It is well beyond my expertise to evaluate the merits of the competing theories, and I shall not attempt to do so. What I do want to highlight however is the degree of precision that Brauer’s team was able to obtain in dating the onset of the Younger Dryas.
According to Brauer’s paper:
With the onset of the Younger Dryas cold period, the formation of thick monospecific diatom layers (Stephanodiscus sp.) during spring/summer is explained by an increase in the wind-driven upward mixing of nutrient-rich bottom water. The reworked sediments argue for a major fall in lake level and an increase in wave activity at the shoreline due to windy conditions. Particularly striking are the pronounced inter-annual to decadal oscillations before the final shift, which occurred within one year. These short term fluctuations indicate that the change from calm and wet to windy and dry conditions began with a period of individual extreme years with Younger-Dryas like-conditions. However the depositional system in the lake switched back after these extreme years to Allerød-like conditions until the permanent shift at 12,679 varve year BP [emphasis-JR]
In other words, after some years of erratic weather a tipping point was passed and in a single year norther Europe went from temperatures similar to those we now experience to glacial conditions. Temperatures at the summit of Greenland plummeted to 15C less than today.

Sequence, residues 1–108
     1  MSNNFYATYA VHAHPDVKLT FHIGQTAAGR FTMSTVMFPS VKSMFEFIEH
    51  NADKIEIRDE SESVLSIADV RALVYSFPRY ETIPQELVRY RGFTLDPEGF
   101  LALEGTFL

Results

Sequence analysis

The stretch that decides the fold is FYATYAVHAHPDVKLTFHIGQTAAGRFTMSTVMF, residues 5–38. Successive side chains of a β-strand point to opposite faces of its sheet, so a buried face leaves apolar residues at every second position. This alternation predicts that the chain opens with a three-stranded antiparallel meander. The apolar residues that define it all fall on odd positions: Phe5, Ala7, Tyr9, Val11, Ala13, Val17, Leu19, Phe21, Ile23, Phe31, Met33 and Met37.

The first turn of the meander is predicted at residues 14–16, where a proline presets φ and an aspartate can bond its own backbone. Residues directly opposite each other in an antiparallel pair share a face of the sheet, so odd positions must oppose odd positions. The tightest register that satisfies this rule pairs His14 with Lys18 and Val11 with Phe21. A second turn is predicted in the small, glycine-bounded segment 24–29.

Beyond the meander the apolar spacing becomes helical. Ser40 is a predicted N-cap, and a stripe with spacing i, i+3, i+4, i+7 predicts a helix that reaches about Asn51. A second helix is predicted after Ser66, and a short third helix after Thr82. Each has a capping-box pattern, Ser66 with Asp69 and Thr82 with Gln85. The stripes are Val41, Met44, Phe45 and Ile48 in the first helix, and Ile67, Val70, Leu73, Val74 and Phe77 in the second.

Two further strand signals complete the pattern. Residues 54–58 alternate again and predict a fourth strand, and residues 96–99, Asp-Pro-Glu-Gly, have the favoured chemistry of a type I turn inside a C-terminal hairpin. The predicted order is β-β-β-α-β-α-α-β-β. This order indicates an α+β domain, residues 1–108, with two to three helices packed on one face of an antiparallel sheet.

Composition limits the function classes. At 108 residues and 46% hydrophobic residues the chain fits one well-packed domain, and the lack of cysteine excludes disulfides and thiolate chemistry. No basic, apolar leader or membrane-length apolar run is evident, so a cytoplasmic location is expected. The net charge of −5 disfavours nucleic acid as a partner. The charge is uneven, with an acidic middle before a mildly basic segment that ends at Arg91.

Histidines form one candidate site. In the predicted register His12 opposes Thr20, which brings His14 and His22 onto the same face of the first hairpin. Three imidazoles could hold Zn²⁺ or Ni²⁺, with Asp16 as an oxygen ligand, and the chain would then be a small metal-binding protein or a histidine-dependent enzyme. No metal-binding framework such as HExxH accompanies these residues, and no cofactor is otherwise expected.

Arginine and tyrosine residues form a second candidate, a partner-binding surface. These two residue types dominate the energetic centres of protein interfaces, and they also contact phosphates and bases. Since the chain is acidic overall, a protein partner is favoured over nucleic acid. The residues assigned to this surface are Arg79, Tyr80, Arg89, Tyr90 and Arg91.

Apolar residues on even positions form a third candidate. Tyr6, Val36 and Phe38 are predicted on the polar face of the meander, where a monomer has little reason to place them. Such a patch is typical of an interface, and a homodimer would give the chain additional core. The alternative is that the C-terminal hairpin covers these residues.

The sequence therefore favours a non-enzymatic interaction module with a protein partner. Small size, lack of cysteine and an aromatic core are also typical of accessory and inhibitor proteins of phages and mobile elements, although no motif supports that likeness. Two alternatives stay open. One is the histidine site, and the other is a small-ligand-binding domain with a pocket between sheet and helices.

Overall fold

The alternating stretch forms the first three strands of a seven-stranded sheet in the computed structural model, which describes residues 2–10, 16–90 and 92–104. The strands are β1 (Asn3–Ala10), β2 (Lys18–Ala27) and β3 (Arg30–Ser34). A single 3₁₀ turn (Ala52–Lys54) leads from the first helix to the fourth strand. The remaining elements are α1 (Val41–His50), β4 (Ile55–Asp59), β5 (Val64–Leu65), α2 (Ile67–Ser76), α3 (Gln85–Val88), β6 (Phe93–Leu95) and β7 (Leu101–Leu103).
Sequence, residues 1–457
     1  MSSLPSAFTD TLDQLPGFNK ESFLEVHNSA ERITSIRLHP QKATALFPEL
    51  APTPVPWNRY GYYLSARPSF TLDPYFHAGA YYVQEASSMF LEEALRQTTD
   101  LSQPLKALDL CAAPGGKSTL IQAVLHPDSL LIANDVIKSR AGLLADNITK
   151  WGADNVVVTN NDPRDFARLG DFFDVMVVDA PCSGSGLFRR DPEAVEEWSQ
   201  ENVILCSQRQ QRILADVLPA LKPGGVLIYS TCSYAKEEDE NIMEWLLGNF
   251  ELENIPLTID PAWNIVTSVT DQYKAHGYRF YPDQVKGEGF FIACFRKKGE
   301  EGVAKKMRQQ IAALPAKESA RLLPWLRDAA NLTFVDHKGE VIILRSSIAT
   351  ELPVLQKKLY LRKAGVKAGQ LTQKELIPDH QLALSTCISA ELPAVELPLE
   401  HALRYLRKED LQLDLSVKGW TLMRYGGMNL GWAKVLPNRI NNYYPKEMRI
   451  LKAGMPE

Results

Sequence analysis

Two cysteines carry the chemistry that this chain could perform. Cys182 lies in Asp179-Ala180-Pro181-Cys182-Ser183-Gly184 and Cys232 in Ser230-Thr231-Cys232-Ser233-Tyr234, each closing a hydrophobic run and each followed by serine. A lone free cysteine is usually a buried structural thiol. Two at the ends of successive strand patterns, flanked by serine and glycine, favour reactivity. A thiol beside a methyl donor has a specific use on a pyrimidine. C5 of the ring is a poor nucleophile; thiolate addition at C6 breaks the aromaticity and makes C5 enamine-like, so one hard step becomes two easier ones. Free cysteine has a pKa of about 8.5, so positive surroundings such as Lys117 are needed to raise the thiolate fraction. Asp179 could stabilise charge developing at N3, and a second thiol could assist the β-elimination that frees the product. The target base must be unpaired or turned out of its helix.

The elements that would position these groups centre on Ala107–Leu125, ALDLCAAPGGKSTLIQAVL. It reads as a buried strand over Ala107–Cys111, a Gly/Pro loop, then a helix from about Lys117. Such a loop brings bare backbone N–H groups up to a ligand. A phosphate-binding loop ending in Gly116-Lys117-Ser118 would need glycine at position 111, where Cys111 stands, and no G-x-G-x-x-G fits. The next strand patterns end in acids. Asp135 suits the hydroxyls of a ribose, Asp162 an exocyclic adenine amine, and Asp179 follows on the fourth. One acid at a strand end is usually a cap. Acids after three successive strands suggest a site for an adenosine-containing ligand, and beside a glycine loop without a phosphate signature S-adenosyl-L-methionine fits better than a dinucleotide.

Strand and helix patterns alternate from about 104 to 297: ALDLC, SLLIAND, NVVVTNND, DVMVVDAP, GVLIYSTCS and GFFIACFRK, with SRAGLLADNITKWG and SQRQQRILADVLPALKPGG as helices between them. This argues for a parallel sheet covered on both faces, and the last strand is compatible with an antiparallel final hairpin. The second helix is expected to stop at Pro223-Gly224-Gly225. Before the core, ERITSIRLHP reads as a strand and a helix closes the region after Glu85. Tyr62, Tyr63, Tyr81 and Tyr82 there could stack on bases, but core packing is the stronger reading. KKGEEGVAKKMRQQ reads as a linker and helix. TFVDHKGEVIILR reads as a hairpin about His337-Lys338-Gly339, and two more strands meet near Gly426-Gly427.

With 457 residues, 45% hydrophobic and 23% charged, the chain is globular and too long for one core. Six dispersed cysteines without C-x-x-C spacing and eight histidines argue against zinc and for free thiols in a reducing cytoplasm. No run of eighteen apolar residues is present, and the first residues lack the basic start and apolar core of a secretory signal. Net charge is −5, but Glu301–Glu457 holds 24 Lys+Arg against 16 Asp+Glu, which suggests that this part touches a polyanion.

Dr. Brauer’s research is worth remembering the next time that you are talking with a climate denialist/delayer who is arguing that we need to do more research before we decide what to do about Climaticide. We now know that the earth’s climate is capable of making dramatic long-lasting jumps within extremely short time frames. It has already happened.
We could get lucky… Maybe it won’t happen again…
But wouldn’t it be wiser to take action now to cut our emissions and eventually rollback levels of greenhouse gases which we know are heating up the planet and destabilizing the climate? Or do we want to cross our fingers, continue to point the gun at our head and and hope each time we pull the trigger (which is what we do every year that we postpone dealing with Climaticide) that the chamber beneath the firing pin is one of the empty ones?